Tenant Rights When A Landlord Is Imprisoned

Knowing your rights as a tenant is important to you just like the rights of your landlords are to them. However, many tenants only care about their basic rights thinking that as long as they pay the rent and they follow the rules, everything will be all right. Then when something unexpected happens, the tenants start to get confused. They become left in the dark, clueless as to what to do.

This time we will take for example, when your landlord goes to prison. If your landlord does not treat you fairly, you could have leaped for joy upon hearing the news. But be informed that going to jail does not void the rights of your landlord over his or her ownership of the property. Unless proven guilty (for whatever deed) without reasonable doubt, or ordered by the court, they will remain your landlord.

What Will Happen if The Landlord Goes to Jail

First it is important to understand the difference between getting detained and going to jail, being detained and being imprisoned. Detention is temporary and lasts only for a short period of time. The detainee can settle a bail or undergo a different legal procedure to be free. Going to a jail means that the landlord will serve a sentence no longer than a year. Getting imprisoned means the person must serve the sentence according to what the law mandates. It lasts more than a year. When your landlord goes to prison, it could mean that your landlord will be gone for a long time. 

Assuming that the landlord lives alone and has no spouse or relative to manage the property on his or her behalf during imprisonment, a certain body, such as the local government or the bank, will freeze the property. The same thing goes for the landlord’s bank account. As a tenant you have the right to be informed about these things. You have the right to be notified about the actions of these governing bodies. 

Consequently, you have the right to stay in the property until you find another place to move to. This should appear in your notification. Nobody cannot tell you to move out without giving you time to prepare. In cases in which the landlord is still paying for mortgage, the bank will most likely want the property to be vacated immediately. You must still be warned about this action, though. Also it is common practice for banks to pay the tenants so they can move out easily.
In certain cases wherein the landlord still pays for the mortgage, the rent increases. This is because the payment for mortgage must be met or must be surpassed. If the finance company or the bank does not receive this payment, expect that you will be evicted by foreclosure. To prevent this from happening, inform the company so that they know what happened. This way, you will be warned about the foreclosure and will be paid to move out. But take note, this does not apply to all states.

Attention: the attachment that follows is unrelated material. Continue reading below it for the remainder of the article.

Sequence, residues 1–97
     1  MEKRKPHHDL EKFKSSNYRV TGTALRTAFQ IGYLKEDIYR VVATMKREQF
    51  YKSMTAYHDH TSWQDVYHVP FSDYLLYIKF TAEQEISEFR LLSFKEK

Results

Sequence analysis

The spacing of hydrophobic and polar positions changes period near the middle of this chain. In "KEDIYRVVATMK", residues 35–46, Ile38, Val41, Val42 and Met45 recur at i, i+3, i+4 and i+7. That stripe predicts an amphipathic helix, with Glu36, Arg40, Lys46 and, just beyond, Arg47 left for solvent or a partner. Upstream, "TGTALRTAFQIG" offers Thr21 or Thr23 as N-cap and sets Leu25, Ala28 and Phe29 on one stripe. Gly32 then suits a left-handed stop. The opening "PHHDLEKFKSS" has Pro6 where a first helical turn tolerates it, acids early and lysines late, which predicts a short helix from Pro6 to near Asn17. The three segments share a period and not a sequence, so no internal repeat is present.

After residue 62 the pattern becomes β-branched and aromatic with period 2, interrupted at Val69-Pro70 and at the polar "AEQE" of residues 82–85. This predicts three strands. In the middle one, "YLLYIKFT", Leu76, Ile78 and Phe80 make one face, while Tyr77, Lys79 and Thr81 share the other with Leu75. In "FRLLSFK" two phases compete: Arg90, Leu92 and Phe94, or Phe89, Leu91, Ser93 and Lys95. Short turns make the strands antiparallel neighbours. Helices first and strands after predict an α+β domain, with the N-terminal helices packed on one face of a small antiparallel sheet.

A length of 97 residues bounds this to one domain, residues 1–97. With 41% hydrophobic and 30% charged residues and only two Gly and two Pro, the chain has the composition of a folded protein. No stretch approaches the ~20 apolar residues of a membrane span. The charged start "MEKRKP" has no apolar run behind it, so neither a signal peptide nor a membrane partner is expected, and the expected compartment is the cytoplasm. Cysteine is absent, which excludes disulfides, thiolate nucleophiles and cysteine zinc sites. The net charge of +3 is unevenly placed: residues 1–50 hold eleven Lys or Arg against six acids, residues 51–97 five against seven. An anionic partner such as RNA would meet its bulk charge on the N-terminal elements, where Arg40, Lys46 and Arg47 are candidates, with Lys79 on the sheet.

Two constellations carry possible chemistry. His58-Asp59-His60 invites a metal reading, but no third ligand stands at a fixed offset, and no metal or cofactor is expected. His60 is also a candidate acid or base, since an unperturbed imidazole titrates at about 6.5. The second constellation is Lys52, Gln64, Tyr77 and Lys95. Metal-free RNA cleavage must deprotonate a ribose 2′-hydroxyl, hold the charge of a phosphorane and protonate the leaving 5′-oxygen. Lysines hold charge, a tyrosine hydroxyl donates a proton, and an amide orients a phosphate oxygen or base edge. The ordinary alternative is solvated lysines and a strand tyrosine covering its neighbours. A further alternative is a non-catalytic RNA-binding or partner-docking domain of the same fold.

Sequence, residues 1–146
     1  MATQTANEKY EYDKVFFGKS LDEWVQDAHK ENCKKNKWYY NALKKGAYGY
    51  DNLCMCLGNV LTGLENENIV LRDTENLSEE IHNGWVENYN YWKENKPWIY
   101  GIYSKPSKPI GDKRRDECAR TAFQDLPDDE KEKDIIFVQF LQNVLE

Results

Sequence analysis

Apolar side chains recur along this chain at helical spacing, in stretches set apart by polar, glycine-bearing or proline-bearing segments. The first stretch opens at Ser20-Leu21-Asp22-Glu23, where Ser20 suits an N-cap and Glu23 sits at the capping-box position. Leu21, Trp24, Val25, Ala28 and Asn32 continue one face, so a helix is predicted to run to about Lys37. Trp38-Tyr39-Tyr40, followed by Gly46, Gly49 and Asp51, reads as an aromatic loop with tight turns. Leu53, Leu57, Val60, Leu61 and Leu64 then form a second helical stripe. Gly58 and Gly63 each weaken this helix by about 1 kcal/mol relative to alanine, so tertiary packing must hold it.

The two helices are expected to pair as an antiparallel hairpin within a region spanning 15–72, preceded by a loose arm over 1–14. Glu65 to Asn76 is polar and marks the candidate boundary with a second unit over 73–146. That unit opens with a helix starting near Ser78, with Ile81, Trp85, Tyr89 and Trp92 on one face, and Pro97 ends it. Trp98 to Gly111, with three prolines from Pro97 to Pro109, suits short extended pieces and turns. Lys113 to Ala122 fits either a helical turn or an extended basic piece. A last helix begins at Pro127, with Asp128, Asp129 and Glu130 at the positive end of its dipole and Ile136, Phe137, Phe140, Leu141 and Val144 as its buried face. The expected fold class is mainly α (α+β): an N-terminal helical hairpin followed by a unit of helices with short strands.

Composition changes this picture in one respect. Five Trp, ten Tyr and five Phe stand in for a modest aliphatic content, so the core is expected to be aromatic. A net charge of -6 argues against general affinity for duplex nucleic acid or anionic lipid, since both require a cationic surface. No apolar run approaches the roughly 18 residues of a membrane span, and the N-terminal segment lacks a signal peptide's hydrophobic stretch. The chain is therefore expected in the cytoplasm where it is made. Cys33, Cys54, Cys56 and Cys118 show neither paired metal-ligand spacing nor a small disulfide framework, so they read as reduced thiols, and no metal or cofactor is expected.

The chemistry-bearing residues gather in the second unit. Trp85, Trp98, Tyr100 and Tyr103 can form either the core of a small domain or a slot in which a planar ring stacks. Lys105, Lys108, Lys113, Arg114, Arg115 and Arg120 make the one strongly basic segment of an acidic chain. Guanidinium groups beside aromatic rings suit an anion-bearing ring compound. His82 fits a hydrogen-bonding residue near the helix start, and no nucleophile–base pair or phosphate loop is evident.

If your landlord is detained and further legal actions are yet to be done, you should still pay your rent. If you do it through depositing the amount in your landlord’s bank account, you can do so until the bank closes it. If you used to hand your payment to your landlord in cold cash, do not spend it for something else. Keep it so that when someone looks for it, you can say that you have the payment. You may be charged for not paying your rent so make sure that you do not overlook this matter.

Further Thoughts

It is important to note that laws vary per state or country. To know the tenant rights when a landlord is imprisoned, it is recommended to consult a lawyer. Nothing can bring enlightenment to you better than a legal professional. And before signing a contract or entering an agreement with the landlord, make sure that you know him or her well enough. You can perform a landlord check just like the way landlords perform a tenant check. Keep in mind that the landlord has rights too and no matter how dire the situation is, you should respect them the way you want the landlord to respect your rights.

This post is from Endre Rex-Kiss, a small business advocate and multimedia junkie. He is also an occasional guest blogger and freelance copywriter, this time representing FidelisAM, a Buffalo based company providing tenant checks and employee screenings. Follow his rants on Twitter.